top of page

Understanding Child Sexual Abuse

Child sexual abuse is a serious and complex issue, involving a range of criminal activities that can have a lasting impact on the victim's life. The National Crimes Against Children Investigators Association (NCACIA) is dedicated to raising awareness about the various forms of child sexual abuse and providing support for victims and their families. This comprehensive guide will help you understand the different types of child sexual abuse, as well as the importance of reporting such incidents to the appropriate authorities.


What Constitutes Child Sexual Abuse?

Child sexual abuse occurs when an adult or older teenager engages in sexual activities with a child who is unable to give legal consent. In most states, children aged 16 or younger cannot legally consent to sexual activities. The terminology used to describe child sexual abuse can vary, but it is crucial to understand the specific acts and behaviors that constitute illegal conduct. The following are examples of some common forms of child sexual abuse, though this is not an exhaustive list.

  1. Indecent Exposure: An offender exposes their genitals or breasts to a child, or observes a child exposing their private areas for the offender's sexual gratification.

  2. Indecent Contact (Molestation/Fondling): An offender touches a child's private areas (genitals, buttocks, breasts, or chest), or coerces the child to touch the offender's private areas for sexual gratification.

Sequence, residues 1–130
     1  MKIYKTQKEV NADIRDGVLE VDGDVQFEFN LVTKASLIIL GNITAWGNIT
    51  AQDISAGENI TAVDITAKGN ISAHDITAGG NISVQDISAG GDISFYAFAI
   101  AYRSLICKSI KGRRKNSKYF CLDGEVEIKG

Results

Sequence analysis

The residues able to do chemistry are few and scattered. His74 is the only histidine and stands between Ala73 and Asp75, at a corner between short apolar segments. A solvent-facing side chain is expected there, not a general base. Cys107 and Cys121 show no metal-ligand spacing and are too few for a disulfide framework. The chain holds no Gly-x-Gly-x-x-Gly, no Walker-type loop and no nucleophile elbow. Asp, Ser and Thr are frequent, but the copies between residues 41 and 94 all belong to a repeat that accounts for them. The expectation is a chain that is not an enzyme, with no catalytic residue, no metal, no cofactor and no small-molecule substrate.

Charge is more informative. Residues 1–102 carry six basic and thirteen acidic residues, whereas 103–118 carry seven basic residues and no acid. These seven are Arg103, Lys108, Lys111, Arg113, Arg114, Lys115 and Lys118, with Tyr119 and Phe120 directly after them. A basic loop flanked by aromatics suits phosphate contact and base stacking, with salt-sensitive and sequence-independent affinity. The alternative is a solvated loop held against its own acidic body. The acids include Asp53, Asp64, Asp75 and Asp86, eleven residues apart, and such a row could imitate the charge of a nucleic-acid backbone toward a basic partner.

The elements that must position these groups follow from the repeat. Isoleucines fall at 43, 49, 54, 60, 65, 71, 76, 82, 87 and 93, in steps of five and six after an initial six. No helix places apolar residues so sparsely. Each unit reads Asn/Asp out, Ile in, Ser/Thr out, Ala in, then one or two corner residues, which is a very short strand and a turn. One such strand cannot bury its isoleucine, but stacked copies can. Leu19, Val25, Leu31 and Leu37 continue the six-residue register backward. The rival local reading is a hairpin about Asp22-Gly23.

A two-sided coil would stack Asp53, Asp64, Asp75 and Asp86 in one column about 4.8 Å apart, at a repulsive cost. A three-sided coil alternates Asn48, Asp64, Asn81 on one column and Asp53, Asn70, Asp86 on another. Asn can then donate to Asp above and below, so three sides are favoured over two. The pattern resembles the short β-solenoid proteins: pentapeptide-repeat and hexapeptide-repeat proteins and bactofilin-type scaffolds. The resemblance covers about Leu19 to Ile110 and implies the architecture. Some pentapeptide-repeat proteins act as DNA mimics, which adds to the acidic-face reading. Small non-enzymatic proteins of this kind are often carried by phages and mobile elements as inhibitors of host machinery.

3. Sexual Assault (Rape/Sexual Battery): An offender penetrates a child's vagina, anus, or mouth with their body parts or a foreign object, or coerces the child to penetrate the offender's vagina, anus, or mouth.

  4. Online Solicitation: An offender sends explicit images to a child through digital means or coerces the child to send explicit images to the offender. The offender may also engage in communication with the child, expressing intent to meet and engage in sexual activities in person.

  5. Sexual Coercion (Sextortion): An offender threatens or manipulates a child into sending explicit images or engaging in sexual activities, often as a form of blackmail or to prevent the offender from causing harm or embarrassment to the child.

  6. Child Pornography/Erotica: An offender creates, shares, promotes, or possesses images that depict a child in a sexually explicit or suggestive manner. Pornography involves explicit nudity and sexual content, while erotica may feature partial nudity or suggestive poses.

  7. Sex Trafficking (Child Sexual Exploitation): An offender coerces a child into engaging in sexual activities with others in exchange for compensation or transports a child for the purpose of engaging in sexual activities for compensation.

Reporting Child Sexual Abuse

If you or someone you know has experienced child sexual abuse, it is crucial to report the incident to local Child Protective Services (CPS) and law enforcement agencies immediately. You can also contact the National Child Abuse Hotline for support.

National Child Abuse Hotline

1-800-4-A-CHILD (800-422-4453) 

In most states, it is mandatory to report child sexual abuse to the authorities once a disclosure is made. Failure to do so may be considered a crime, depending on the circumstances. Even if the victim is now an adult, it is still essential to report past incidents of child sexual abuse to the appropriate authorities.

bottom of page